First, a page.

Rayven Sample continues to chase his dreams

Jax White, News Co-Editor

Born with arthrogryposis, stiffness in his joints that limit the range of motion in both of his arms, Rayven Sample ’24 has dedicated nearly a decade of his life to being an athlete.

After years of training, Sample had the opportunity to compete on the world’s biggest stage.

Two weeks ago, he competed in the 400-meter dash, T47 classification, at the 2020 Paralympics Games in Tokyo. Sample set a personal best of 50.01 in the preliminary round, seeding him in fourth place leading into finals.

His success has not come easy.

Beginning his career in middle school, Sample said he never took track seriously until high school and certainly never considered the Paralympics as an option.

“I kind of fell in love with it. And for me, it was an outlet for me to come to terms with my disability and accept myself because through track and field, I gained a lot of self-love and self-appreciation from my accomplishments,” Sample said.

Finishing high school as a New York state champion in the 4×400 meter relay, it was at the state meet that the New York mile split representative recommended him for para.

The passing of his grandmother, who adopted him after his father’s death, shook the athlete right before he left for his first year at the University.

“It was the week of my high school graduation, she got sick, she was coughing up blood. She went to the doctor and they found stage four lung cancer. Then within basically two months, it progressed so much that she had passed,” Sample said.

Sample needed to move to Lewisburg within hours of his grandmother’s passing, or risk a considerable delay to his training, due to COVID. He knew that his grandmother would want him to go, and keeping his promise to her to compete at the Paralympics relied on him getting to the University.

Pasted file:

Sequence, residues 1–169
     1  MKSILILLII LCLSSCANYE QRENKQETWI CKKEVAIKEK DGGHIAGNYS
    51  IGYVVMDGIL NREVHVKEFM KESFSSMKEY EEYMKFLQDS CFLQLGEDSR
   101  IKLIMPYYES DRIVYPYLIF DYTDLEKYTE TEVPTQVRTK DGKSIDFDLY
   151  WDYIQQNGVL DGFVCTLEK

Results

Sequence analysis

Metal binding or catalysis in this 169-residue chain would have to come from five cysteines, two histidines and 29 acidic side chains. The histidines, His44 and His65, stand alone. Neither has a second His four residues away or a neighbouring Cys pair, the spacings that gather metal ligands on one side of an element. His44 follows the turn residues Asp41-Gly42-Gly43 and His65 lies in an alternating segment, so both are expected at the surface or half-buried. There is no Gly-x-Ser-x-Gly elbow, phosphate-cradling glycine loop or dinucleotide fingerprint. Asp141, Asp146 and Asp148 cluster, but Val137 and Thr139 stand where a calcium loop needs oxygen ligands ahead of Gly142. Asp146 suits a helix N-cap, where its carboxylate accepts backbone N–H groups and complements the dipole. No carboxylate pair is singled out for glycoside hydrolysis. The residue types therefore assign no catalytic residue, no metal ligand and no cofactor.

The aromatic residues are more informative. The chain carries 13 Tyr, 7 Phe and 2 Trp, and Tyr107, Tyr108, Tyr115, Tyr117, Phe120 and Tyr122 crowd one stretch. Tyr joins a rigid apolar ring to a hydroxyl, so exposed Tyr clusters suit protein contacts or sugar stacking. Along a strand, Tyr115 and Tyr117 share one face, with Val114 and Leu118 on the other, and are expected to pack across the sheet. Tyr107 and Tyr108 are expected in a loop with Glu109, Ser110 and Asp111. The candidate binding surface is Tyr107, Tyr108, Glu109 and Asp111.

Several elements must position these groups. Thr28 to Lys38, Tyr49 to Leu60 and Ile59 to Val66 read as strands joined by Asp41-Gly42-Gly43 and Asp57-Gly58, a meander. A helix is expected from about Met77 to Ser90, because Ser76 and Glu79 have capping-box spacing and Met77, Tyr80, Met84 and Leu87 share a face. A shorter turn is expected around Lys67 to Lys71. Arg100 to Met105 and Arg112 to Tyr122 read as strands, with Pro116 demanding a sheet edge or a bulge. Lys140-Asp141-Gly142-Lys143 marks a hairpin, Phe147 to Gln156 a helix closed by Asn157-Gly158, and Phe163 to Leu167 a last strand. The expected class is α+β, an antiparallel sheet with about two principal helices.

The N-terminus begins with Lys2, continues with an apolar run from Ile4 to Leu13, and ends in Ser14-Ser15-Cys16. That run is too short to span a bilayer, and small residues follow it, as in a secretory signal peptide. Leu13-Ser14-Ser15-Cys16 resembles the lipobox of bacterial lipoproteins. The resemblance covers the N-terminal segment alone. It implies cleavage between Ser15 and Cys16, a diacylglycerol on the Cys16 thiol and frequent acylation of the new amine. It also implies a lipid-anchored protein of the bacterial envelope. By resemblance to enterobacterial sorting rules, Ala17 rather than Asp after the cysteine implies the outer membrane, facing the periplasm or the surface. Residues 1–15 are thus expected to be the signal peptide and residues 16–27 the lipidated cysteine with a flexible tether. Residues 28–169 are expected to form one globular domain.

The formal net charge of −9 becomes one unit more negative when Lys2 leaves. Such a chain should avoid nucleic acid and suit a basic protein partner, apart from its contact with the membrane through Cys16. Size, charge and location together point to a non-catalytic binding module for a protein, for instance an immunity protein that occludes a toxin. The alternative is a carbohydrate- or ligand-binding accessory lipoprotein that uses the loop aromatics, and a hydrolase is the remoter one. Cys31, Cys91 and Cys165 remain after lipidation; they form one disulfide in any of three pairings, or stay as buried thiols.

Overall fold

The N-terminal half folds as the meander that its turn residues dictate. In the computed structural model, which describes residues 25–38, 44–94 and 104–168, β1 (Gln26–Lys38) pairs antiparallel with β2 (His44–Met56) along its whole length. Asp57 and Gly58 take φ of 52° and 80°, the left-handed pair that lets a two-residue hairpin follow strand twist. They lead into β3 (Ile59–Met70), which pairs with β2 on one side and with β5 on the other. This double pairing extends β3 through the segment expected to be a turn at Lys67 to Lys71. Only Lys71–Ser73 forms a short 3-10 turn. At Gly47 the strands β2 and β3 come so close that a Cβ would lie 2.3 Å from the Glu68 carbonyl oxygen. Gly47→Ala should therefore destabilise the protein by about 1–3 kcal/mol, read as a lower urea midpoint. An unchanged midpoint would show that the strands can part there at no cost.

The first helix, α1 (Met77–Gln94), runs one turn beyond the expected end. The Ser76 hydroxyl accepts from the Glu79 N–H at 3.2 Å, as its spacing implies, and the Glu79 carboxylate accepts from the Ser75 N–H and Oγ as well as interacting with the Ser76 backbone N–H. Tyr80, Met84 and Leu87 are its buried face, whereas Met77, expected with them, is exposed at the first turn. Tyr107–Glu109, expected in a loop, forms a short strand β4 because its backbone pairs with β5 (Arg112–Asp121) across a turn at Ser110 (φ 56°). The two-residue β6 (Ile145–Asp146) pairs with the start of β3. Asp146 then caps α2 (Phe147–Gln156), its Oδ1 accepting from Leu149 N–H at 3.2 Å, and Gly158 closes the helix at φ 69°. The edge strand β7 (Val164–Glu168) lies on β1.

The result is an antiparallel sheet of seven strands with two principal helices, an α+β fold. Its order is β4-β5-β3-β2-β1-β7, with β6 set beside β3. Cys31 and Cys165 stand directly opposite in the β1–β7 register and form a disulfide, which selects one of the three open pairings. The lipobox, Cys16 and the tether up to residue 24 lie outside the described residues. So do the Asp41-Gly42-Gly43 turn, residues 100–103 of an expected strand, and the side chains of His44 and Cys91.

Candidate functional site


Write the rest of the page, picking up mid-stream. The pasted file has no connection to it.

He decided to take the risk and was on a bus within hours of her passing.
Once on campus, Sample realized that a lot of his training in high school would transfer over well. Strength training in the weight room proved to be one major obstacle for him.

“In high school, I hadn’t really ventured into there to do any strength training,” Sample said.

He attributes his conquering of the weight room to University strength coach Lysette “RC” Rivera-Cortes, who has adapted her programming to suit Sample.

“Rayven is very hardworking and willing to try new things to progress his strength training,” Coach Rivera-Cortes said. “He always asks questions to better understand the ‘why’ and is always very receptive to feedback. Even after competing in Tokyo, he’s already asking when he can get back in the weight room.”

Leading up to the prelims, Sample was focused on maintaining a strong pace through the finish line. That was his biggest weakness in the past season, he said.

“I just kept telling myself before, ‘you’re not running a 400; in these two races, you’re running a 410 run through the line as much as you can, so you can get that good time,” Sample said.

Although he hoped to break the 50-second barrier in finals, somewhere during the rain-soaked race, he was disqualified from competition for stepping in someone else’s lane.

“At about 200 meters, I kind of remember blacking out and not remembering anything from 200 to 250,” Sample said. “I remember stepping a little bit too far to the left at that moment.”

Sample said that U.S. Paralympic sprints coach, Kris Mack, was prepared to dispute the disqualification, but after viewing the video, it was a clear violation. His right leg had been in the left lane.

Despite this setback, the Falconer, N.Y. native seemed optimistic for his future career in the sport. He hopes to compete for Team USA again in Kobe, Japan, at the Para Athletic World Championships in 2022.
“I loved the experience,” Sample said. “I wish I’d done a little bit better, but I certainly have something to work for, looking forward to the 2024 games in Paris.”

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